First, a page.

Impetigo is not painful, but it could be itchy and give way to fevers and swollen lymph nodes. Impetigo can be spread through close contact or shared towels and toys. It could also be spread throughout the body via scratching.

Impetigo can be effectively treated with antibiotics which can be prescribed as a cream or as tablets. The condition is also not that serious and symptoms will normally clear up within two or three weeks even without treatment.

With treatment however, an affected child will get better in a few days and this could also reduce likelihoods of further contraction.


Warts are virus-caused skin-growths that mostly appear on the hands – especially around the nails where the skin has been broken. They normally look like raised, grainy bumps and will probably be the same colour as the skin. Warts are mostly spread by touching objects used by the person with warts, and they can also contain one or more black dots within them as well.

To prevent these harmless but unsightly warts from spreading, stop your child from biting or picking at those nails. Cover warts with plasters and after a while, those bumps will disappear on their own.

Nappy rash

Those red puffy rashes around your baby’s genitals, bottom and the folds of his or her thighs are most likely nappy rashes. They can appear to be pimply and can be either dry or moist. Nappy rash occurs when the skin around your baby’s diaper area becomes irritated from prolonged exposure to urine or excrement. Nappy rash can also be the result of fungal infections or rare skin conditions.

Keeping your baby’s nappy area clean and dry will help. Also, change baby’s diaper frequently. You can also prevent nappy rashes by using a barrier cream or treating the rash with a nappy rash cream. If the rash persists and develops into a bright red rash with pimples that spread to the folds of the skin, your child may have a thrush infection which may need a doctor’s attention.

Heat rash

Heat rash is common in Malaysia due to our warm environment which easily causes overheating. They may also occur if a baby is overdressed. This rash resembles pimples and bumps, appearing on the head, neck and shoulders of babies.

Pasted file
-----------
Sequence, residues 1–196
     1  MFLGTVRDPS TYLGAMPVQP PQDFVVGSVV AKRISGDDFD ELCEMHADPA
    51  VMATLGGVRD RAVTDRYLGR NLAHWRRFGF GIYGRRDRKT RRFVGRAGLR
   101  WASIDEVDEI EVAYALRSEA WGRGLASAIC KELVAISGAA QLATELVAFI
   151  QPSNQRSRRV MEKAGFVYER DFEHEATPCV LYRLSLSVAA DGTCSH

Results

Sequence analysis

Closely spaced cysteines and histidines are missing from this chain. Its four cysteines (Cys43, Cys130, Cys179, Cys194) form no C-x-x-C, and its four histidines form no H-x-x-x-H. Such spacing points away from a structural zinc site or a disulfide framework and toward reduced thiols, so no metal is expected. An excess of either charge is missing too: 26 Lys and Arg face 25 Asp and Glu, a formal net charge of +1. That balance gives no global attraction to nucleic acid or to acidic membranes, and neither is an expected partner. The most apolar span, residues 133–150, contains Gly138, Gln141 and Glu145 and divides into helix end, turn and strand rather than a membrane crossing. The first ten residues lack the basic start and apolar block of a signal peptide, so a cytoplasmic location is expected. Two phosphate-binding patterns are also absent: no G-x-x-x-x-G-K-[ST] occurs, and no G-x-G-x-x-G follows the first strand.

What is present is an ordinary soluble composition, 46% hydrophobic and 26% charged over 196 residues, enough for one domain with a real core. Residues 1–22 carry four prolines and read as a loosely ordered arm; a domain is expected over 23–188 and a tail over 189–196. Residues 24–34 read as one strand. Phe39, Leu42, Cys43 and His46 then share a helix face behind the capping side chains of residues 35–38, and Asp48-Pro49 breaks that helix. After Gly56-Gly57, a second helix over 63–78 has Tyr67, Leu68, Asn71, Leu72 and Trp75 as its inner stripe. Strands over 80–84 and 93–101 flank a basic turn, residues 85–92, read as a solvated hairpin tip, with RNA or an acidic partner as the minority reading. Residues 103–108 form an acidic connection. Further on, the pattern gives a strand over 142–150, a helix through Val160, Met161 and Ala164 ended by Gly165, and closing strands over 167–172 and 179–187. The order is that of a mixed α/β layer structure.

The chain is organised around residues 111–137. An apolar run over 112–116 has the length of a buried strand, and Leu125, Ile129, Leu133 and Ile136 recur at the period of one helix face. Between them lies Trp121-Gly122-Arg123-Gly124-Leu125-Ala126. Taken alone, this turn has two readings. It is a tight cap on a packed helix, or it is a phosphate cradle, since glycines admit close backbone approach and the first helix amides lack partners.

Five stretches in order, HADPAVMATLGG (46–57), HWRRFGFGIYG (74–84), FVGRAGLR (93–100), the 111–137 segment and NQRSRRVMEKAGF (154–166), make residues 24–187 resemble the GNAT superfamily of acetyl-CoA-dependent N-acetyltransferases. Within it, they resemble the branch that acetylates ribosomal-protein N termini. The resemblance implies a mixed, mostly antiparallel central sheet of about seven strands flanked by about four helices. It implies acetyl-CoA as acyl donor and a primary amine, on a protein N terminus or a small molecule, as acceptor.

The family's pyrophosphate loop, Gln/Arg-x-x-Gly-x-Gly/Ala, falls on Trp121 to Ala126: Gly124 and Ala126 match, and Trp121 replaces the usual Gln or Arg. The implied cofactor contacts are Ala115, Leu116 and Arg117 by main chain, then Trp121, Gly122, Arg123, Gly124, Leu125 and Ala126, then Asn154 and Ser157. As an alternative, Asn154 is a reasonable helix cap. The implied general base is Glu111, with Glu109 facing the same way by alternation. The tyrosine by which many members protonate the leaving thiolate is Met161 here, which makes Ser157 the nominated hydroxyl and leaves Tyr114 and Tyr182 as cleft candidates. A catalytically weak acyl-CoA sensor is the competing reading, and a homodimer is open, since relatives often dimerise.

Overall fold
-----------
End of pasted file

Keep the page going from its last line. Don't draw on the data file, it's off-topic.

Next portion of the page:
Use loose and cool clothing for your baby. You can also place your child on a cotton towel which absorbs sweat or apply a wet and cool washcloth now and then on areas affected by the rash. Try to keep your baby cool and dry at all times.


Ringworms are often in the form of one or several red rings of rash on the chest, stomach, thighs or back. The rings will be crusty or scaly on the outside and smooth in the middle and can also feel itchy. This condition is not caused by worms although its name suggests otherwise. Instead, a fungus that lives on dead skin, hair and nail tissue is the culprit.

Ringworm is contagious and passed on by skin-to-skin contact. Children can also pass it to other kids especially if they share combs or towels.

It’s easily treated so if you suspect your child has ringworms, contact your doctor.

Hand-Foot-Mouth Disease

Hand, foot and mouth disease is a viral illness that causes fevers, painful mouth sores and blisters or rashes on the hands and soles of the feet. Hand, foot and mouth disease is contagious and can be spread through coughing, sneezing and used diapers. While hand, foot and mouth disease can be quite painful, it is not serious and rarely life-threatening. At the most, a child may have poor appetite and may even fuss with liquid intake, so parents have to make sure their affected child is adequately nourished and hydrated.

Hand, foot and mouth disease is self-limiting so it can get better on its own. Symptoms will normally last seven days and possible home treatment options include paracetamol or ibuprofen. If you have reason to worry about your child’s condition, contact your doctor.